• WANTED: Happy members who like to discuss audio and other topics related to our interest. Desire to learn and share knowledge of science required as is 20 years of participation in forums (not all true). There are daily reviews of audio hardware and expert members to help answer your questions. Click here to have your audio equipment measured for free!

Passive volume control with switchable inputs - DIY project


Major Contributor
Feb 23, 2019
Passive volume control with switchable inputs – DIY project

Passive volume control (sometimes incorrectly called “Passive preamplifier”) may be a good solution in case we are aware of all pros and cons of such design.

  • non-linear distortion is eliminated,
  • low noise in case of proper choice of volume potentiometer impedance,
  • reliability in case of proper choice of components used,
  • stability and no occurrence of self-oscillations.
  • higher output impedance, depending on choice of volume potentiometer and taper position,
  • noise depending on taper position
  • input impedance may depend on load impedance,
  • output impedance may depend on source impedance,
  • load capacitance (length of output cable) to be reasonably limited.
In case of proper choice of potentiometer impedance and construction and in case of sound source reasonably low output impedance (< 200 ohm) and reasonably high amplifier input impedance (>= 10kohm), passive volume control may make one of the best options of “link level preamplifier”, in case we work with standard digital sound sources like CD's or soundcards with output voltage level of 2 – 4V.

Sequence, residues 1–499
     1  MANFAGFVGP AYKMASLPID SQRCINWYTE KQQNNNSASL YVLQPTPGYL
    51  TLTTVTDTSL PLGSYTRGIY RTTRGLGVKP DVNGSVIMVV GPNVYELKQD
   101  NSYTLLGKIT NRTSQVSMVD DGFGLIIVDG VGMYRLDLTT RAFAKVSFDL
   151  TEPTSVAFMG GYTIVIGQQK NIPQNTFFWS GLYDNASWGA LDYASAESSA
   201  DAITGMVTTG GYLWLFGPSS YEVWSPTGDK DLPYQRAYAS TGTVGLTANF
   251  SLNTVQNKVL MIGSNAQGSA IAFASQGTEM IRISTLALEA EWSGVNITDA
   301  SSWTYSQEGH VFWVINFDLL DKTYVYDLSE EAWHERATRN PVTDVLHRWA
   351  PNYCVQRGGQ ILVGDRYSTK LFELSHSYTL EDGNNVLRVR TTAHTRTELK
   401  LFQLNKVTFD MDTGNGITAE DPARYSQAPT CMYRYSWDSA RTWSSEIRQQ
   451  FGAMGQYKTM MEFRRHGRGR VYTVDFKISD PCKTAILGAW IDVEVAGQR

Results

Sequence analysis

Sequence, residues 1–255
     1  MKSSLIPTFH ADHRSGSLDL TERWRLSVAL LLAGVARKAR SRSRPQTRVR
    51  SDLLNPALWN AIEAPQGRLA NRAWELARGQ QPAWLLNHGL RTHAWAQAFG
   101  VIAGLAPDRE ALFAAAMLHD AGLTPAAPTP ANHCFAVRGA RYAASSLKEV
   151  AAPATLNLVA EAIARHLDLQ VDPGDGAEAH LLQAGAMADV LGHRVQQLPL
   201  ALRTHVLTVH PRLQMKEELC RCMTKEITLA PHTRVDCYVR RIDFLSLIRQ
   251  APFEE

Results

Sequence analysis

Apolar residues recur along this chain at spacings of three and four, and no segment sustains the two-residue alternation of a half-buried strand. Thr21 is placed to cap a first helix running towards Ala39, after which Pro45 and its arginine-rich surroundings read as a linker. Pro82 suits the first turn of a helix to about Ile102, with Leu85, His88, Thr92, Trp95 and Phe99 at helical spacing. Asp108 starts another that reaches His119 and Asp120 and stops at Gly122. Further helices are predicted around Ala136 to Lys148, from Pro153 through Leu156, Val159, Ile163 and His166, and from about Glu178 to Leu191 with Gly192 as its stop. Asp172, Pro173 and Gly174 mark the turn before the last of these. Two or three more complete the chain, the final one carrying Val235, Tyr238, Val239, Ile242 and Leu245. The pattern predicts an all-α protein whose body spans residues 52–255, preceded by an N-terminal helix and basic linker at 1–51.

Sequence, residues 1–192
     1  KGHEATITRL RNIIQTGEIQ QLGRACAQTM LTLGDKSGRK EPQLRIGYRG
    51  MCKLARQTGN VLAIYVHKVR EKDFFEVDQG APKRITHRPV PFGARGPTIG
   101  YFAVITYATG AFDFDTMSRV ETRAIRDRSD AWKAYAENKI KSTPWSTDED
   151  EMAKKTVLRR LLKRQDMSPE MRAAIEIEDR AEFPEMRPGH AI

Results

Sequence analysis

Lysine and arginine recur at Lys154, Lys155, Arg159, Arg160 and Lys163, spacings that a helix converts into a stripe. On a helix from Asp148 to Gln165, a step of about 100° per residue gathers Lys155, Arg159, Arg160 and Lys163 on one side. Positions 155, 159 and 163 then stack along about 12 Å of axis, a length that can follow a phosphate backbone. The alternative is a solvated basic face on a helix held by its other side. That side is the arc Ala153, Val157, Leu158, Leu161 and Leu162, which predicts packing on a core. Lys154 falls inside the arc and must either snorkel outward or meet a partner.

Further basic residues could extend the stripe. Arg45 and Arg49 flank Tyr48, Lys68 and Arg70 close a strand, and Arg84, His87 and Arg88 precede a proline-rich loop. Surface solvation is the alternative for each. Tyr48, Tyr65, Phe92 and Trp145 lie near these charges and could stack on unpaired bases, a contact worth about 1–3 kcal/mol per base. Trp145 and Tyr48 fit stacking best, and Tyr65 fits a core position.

Choice of volume potentiometer

As already mentioned, potentiometer impedance affects input impedance, output impedance and noise. In case that the potentiometer is driven from ideal voltage source (has zero output impedance), the worst case regarding noise and output impedance is when the pot taper is at 50% of pot total resistance R. Output impedance is then R/4 (two R/2 resistors in parallel) and R/4 is also an equivalent noise resistance.


Resistor thermal noise